After nine years in the Army, Captain Dee Ann Guetter (Stalvey) is being reassigned to the same base at which she did her basic training: Ft. Leonard Wood, WI. There, she will be assuming a teaching role, a new area for her.
“It’s a different aspect. I’ve never really taught before,” Capt. Guetter said. “I’m looking forward to learning something new. It’s exciting to get to know soldiers from all over. I can impart what I know, but they can also impart what they know to me, too.”
“I will be training soldiers who want to learn more about the robots we use in the military,” she said. “I would be in charge of the soldiers in that part of the school.”
Guetter is looking to be the head of the Robotics Department the next two to three years at Ft. Leonard, as the Army wants soldiers to be on base for about three years before being permanently assigned elsewhere.
Prior to this new assignment, Capt. Guetter was a commander at the Ft. Stewart, Georgia.
“I had 61 soldiers under me,” she explained, “but my company was only supposed to be 44.”
“There really isn’t a place for EOD, other than command, there,” she said. “And, they want to rotate command so everybody gets the experience. EOD is a very small command and there are only companies at Georgia. When my time was up, I had to either go to another company or go to another post. I said ‘Send me to another post.’ So, they reassigned me to Ft. Leonard Wood.”
In the process of becoming a captain, Guetter did two overseas tours with her EOD unit. She explained that EOD stood for Explosive Ordinance Disposal. The first was as a Platoon Leader, where she got her EOD experience.
“There was a lot of ordinance and post blast there,” she said.
She also had a 5-month tour as a company commander. There was a surge of activity in the area and they wanted an extra EOD company there.
“Not exactly exciting, it was more taking care of teams,” Guetter said. “The relationship between the battalion and the teams was more fluid.”
Stateside, she had one bomb call. It was while she was in command at Stewart, GA.
“If there is anything explosive, like a bomb, the police called us,” she said. “It wasn’t uncommon to find unexploded ordinance lying around that people have forgotten about.”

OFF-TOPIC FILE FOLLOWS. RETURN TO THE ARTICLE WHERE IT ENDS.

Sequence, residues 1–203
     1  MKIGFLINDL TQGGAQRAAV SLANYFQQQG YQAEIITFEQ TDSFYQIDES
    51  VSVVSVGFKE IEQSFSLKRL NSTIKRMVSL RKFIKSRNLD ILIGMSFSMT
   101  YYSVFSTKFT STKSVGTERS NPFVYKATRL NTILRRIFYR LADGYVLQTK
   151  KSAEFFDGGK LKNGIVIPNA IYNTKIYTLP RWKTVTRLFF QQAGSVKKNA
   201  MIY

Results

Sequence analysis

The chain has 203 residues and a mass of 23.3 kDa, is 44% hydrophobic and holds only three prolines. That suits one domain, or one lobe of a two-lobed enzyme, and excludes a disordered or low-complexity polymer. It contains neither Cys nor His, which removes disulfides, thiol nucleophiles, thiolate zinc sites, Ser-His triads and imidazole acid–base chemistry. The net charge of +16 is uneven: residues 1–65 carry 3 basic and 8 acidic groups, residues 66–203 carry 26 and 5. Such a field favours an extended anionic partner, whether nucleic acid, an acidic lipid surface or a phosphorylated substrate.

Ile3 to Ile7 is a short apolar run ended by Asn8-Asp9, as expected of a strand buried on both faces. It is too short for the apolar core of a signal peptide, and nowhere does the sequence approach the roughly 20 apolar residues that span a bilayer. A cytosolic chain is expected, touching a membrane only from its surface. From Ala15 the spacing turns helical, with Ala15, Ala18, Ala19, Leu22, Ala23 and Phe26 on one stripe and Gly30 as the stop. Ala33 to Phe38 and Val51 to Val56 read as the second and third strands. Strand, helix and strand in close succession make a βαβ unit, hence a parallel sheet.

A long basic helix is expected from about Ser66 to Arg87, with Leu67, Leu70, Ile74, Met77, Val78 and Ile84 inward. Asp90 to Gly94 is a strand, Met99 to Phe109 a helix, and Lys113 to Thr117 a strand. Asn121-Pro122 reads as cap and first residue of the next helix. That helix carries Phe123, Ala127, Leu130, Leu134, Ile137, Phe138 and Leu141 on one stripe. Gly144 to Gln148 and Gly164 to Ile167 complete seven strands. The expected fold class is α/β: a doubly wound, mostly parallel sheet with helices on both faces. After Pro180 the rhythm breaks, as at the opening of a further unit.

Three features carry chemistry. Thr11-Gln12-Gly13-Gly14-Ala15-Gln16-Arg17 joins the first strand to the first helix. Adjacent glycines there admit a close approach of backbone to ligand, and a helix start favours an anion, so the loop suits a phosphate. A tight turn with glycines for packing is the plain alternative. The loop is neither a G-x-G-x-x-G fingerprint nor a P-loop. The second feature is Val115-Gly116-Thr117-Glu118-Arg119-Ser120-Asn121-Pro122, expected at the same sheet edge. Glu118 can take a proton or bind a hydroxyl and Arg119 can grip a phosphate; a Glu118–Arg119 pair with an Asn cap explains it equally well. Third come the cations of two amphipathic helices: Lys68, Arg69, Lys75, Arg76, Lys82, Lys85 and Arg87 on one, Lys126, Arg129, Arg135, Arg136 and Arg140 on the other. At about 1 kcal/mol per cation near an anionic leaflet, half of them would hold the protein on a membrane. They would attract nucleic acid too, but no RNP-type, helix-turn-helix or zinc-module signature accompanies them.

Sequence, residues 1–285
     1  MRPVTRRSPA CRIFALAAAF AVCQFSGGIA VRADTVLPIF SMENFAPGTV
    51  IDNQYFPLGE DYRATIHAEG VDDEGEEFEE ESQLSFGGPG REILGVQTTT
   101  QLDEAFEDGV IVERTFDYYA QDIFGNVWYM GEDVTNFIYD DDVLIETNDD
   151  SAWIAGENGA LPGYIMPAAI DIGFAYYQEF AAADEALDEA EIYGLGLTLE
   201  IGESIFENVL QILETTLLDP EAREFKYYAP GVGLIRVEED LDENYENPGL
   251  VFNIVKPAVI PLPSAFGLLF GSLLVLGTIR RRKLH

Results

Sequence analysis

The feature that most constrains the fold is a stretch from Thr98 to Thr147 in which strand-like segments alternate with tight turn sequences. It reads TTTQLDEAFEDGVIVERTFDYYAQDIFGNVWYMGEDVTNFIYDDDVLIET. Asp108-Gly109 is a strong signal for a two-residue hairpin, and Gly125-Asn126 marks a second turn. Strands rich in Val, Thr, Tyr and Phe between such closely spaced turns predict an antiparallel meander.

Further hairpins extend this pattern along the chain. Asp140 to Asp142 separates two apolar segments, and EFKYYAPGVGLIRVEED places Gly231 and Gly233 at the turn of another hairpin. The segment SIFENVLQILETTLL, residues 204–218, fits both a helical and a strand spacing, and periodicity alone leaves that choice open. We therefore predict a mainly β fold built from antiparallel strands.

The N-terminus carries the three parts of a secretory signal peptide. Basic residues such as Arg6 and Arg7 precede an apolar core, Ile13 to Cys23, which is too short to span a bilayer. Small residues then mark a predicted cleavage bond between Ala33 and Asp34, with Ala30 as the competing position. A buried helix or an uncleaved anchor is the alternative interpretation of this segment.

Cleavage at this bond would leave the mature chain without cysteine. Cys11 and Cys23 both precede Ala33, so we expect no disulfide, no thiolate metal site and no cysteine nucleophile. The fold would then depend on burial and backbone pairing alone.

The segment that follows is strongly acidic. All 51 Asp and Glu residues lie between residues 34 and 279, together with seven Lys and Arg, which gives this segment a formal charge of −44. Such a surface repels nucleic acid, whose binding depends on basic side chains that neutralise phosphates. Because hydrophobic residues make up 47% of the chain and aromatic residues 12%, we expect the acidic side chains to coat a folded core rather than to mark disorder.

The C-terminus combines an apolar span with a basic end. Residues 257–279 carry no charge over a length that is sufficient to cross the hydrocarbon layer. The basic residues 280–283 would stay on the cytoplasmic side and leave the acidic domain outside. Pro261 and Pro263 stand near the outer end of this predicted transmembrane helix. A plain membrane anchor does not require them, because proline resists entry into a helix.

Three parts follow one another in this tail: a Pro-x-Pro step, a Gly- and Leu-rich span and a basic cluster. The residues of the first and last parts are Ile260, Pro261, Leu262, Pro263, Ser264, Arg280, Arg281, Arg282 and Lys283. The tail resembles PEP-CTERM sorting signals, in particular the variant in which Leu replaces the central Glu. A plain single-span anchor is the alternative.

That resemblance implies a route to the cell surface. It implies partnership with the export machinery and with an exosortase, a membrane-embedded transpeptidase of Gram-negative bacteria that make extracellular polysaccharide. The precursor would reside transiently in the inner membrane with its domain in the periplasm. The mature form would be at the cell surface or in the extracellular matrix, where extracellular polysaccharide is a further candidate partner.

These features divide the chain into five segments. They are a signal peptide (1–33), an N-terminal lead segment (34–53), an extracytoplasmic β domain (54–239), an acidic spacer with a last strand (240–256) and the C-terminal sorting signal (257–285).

In this instance a kid went diving, found a cannon ball and took it to his home in Hinesville, GA. His parents called the police who told them it was a hazard, then they called the fort.
Page 2 of 2 - There are a few different types of cannonballs, according to Guetter. Some are explosive, while others are not. This one had a screw where black powder would have been loaded; therefore, it was the explosive kind.
“When it goes off, it’ll shoot off the shrapnel and do more damage that way,” Guetter shared.
Guetter, now married to William Stalvey, was home on leave over Easter. She is the daughter of Greg and Kathy Guetter of Wabasso and a 2002 Wabasso High School graduate.
William is a former military contractor, and they met while stationed in Georgia. He is going to college to obtain an IT degree. They married in 2007.
She explained that for Army purposes only does she use her maiden name, and that since her first command is behind her, she and her husband can focus on starting a family. Guetter/Stalvey left for Ft. Leonard Wood on Thursday, April 4, and planned to set up house on Friday, when their furniture was due to arrive.
At this point, Capt. Guetter considers herself a lifer with the Army, saying, “I’ve been in just about 10 years. I think, what’s another ten years?”